Note: Following is an eight-part serialization of selected content from Steve Morlidge's The Little (Illustrated) Book of Operational Forecasting.
The measurement challenge
So here is the forecasters dilemma:
There will always have forecast error. The challenge is to work out the cause of the error and to take the appropriate action based on this knowledge. This means determining whether error is due to:
- The forecasting model being wrong - which would require it to be changed or recalibrated
- A temporary or permanent change in the behavior of the system being forecast – which might require a new model or for the existing one to be supplemented with judgement
- Noise – which cannot be changed, so the correct course of action is to do nothing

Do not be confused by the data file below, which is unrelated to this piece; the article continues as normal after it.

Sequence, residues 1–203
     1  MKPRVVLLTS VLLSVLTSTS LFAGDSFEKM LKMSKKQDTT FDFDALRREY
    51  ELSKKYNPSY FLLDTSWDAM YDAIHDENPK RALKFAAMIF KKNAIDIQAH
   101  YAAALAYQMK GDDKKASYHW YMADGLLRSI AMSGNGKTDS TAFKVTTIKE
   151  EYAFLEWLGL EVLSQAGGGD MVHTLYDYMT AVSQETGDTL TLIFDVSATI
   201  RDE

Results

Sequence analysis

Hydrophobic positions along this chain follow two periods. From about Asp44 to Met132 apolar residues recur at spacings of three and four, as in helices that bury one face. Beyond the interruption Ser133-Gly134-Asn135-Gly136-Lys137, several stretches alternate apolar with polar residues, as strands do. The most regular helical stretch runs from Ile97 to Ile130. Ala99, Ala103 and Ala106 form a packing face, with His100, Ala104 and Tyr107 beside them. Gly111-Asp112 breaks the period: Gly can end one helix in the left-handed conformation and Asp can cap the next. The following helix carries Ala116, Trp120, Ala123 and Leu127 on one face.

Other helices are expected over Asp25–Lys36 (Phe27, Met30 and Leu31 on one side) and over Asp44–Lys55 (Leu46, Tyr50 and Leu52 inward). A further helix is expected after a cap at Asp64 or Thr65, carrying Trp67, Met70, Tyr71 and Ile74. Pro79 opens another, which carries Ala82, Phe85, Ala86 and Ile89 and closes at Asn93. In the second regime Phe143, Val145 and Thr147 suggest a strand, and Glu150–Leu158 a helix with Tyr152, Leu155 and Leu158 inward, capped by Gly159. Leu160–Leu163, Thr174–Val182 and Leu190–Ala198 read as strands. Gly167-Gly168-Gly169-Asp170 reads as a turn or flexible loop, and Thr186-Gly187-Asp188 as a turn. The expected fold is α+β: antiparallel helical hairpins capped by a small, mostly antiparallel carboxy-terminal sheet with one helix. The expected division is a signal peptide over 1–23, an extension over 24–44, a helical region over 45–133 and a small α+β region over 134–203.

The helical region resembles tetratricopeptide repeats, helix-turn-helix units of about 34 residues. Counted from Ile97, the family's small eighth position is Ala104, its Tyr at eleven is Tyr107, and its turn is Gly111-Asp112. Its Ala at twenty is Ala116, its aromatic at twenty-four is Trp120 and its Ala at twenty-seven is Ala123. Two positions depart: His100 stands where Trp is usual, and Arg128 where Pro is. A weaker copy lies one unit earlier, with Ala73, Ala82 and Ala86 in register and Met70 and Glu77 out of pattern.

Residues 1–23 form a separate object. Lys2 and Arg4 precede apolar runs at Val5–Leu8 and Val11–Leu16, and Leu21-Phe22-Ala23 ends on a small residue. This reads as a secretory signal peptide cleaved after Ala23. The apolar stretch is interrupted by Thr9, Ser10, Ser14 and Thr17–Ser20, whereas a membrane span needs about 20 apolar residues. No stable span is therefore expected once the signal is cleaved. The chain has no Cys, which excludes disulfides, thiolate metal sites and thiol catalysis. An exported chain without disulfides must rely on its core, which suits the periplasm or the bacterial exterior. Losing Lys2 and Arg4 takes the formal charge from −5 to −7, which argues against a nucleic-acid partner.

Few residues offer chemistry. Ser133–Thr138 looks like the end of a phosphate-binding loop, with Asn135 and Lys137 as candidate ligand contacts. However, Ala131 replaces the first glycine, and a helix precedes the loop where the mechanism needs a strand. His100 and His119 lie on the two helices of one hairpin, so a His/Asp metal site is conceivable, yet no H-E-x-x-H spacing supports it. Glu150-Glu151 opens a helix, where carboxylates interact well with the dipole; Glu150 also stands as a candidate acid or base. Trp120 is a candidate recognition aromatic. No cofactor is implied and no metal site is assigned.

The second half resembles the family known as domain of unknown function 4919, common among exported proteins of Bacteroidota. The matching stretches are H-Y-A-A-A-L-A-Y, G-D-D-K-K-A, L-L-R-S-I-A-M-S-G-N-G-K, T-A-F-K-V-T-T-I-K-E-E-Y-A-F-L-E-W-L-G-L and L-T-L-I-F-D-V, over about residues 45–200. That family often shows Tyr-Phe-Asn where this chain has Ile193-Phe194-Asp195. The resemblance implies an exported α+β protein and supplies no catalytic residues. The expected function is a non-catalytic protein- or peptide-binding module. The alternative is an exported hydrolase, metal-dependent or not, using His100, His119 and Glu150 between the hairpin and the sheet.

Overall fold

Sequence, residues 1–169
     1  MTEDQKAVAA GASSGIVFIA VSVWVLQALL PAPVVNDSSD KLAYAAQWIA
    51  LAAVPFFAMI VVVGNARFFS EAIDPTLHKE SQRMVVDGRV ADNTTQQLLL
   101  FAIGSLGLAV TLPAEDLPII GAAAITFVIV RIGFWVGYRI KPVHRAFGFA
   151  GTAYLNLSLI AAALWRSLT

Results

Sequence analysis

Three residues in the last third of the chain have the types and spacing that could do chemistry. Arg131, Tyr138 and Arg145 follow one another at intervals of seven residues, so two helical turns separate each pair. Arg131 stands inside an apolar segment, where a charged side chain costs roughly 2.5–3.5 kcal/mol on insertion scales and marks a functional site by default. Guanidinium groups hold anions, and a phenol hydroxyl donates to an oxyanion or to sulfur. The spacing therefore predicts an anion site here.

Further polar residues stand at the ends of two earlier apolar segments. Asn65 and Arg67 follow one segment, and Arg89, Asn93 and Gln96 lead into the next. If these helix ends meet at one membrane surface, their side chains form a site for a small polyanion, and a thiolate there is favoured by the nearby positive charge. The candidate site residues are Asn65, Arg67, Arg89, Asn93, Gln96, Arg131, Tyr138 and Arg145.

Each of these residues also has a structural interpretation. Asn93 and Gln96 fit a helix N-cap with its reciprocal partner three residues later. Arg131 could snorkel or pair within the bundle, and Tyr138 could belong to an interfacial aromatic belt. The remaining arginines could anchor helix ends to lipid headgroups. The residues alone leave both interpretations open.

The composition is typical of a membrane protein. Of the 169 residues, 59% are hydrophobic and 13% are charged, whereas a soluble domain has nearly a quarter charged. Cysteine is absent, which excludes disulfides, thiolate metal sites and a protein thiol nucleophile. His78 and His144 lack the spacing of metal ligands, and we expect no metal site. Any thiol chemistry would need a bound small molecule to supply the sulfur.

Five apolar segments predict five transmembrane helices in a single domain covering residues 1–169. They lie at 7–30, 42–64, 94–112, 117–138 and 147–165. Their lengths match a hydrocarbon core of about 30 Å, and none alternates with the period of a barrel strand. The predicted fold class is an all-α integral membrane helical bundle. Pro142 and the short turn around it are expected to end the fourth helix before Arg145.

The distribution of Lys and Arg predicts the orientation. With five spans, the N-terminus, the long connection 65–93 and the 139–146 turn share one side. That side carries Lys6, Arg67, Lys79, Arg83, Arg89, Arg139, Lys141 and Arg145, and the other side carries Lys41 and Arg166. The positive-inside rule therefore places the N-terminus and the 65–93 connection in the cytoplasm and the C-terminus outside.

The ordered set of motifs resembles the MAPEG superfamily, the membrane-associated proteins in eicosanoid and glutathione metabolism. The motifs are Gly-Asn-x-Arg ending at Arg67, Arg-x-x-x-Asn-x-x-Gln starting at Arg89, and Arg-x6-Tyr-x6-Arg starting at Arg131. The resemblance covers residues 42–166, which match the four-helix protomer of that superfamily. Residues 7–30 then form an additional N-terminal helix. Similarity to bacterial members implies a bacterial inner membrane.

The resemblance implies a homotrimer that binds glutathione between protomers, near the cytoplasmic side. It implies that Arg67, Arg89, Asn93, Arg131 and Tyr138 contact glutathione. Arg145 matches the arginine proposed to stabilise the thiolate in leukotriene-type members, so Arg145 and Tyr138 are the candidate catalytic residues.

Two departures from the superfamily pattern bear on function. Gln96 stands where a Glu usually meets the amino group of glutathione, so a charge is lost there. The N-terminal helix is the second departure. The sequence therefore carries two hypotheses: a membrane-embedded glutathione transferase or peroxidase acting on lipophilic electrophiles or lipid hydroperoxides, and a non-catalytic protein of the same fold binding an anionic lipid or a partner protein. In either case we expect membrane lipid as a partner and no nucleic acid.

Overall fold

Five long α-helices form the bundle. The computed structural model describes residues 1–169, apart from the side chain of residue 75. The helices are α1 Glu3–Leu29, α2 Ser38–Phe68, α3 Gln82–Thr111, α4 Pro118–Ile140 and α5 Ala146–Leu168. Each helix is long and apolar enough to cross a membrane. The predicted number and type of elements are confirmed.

In practice, all these factors are jumbled up together and can vary enormously in size and impact.
Forecast error taken in isolation will never tell you how good a forecast is and what should be done to improve performance, because an unknown proportion of it will be unavoidable noise.
Don’t waste time on unavoidable error. The key to good forecasting is to work out how much error is avoidable, why and what to do to reduce it.
Coming Next: Good forecasts don’t always look right
People often interfere with forecast processes because they believe that they can tell how good a forecast is likely to be based on visual inspection…whether ‘it looks right’. This lesson explains why we cannot rely on our intuition.